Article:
But I arrive now at an age when I can say with confidence-- I pretty much know what I'm doing, and I know when it's "almost art", and therefore has to be destroyed, because it has no voice and nothing to say. I set out to make art, and I found it a long uphill climb involving learning how to be true to my own modest talent, respecting everybody's process, including my own. I'd say I've averaged one good painting a year for fifty years, but there were years went I didn't paint at all. My focus was on painting well, making art that was beautiful, personal and forceful. I never gave a thought to career. I wanted to be free to create without keeping an eye on what the market would reward, which meant I had to keep renovating houses for money, something I love to do anyway. 

As I say, I had painted for years, but moving to France and spending two decades renovating a 250 year old house seemed to be just the school I needed. Most of these paintings were made in the attic of the house we were always obsessively working on.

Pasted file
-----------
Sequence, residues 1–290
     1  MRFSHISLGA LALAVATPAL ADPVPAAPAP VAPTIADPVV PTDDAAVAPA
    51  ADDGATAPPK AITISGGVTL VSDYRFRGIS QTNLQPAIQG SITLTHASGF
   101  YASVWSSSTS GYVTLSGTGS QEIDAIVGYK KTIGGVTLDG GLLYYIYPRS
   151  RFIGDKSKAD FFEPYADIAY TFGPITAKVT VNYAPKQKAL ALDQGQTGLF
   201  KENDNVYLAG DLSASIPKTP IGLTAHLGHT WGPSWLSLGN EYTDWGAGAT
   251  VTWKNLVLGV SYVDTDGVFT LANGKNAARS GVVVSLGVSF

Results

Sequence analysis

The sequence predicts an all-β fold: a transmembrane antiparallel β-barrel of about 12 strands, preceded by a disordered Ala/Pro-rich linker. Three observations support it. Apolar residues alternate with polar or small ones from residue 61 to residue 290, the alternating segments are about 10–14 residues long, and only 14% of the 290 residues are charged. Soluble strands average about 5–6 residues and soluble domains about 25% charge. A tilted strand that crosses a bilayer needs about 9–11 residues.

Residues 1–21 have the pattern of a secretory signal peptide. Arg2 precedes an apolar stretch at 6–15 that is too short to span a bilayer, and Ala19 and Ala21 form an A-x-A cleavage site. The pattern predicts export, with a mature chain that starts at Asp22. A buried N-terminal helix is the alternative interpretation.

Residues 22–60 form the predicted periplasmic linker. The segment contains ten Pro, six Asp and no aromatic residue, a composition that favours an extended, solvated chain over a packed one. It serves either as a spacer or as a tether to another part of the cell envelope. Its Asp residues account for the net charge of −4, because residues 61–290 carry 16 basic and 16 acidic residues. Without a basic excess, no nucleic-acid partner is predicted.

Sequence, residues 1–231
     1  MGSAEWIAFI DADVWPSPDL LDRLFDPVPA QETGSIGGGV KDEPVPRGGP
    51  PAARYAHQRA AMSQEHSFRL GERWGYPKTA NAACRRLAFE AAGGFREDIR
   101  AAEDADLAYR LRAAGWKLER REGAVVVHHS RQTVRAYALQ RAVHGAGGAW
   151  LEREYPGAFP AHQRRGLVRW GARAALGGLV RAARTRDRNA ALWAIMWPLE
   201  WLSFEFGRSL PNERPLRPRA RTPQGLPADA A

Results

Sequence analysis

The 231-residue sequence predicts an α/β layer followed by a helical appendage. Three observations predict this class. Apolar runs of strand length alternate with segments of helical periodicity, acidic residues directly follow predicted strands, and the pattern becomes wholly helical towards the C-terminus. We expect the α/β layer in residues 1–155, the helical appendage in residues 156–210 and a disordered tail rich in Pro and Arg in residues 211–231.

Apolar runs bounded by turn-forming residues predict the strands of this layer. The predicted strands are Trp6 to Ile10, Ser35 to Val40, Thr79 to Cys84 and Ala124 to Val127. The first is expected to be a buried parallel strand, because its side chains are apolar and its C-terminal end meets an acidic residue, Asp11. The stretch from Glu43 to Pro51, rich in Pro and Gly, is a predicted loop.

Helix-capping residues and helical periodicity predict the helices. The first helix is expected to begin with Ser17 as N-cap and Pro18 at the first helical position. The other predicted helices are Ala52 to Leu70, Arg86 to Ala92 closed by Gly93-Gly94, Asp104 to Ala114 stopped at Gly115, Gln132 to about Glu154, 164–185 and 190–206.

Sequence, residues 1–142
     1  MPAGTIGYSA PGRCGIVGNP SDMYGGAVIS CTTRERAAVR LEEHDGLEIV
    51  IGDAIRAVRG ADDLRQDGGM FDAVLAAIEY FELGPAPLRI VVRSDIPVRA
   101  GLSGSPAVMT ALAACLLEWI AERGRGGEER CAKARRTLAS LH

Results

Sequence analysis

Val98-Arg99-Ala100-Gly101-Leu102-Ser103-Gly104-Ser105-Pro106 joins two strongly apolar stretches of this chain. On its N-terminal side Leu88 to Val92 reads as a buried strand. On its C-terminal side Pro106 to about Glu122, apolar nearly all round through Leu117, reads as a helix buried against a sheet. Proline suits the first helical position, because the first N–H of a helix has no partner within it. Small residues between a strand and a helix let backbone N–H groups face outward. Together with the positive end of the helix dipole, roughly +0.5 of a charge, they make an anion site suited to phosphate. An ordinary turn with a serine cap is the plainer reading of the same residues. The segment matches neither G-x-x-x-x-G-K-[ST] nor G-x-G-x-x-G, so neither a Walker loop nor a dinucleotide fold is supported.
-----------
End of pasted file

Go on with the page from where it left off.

There are constant challenges to your integrity just by virtue of living in a culture that has banished beauty. If a certain work is proposed, we're tempted not to consider its implications for the World, but instead think only of our personal bank balance. You could be thought crazy for asking " Is it good for the earth? Is it good for the future? Is it beautiful? Is it coming from a helpful, caring place?

But a culture of utility, of short-term gain, of living with minimal connection to nature and the pleasures of life's bonds with earthy things has become more and more detached from those concerns. We've gone off the rails as a civilization. Those of us who find it hard to find our way in such a world need to know that we have many brothers and sisters who share our sensibilities and travails. The quickening emergency is requiring us, loners and dreamers that we may be, to face our role in making a better world.

These and other thoughts made up the background to our decision to move to France. Real life of course put them to the test, but a lot of good paintings came out of the experience.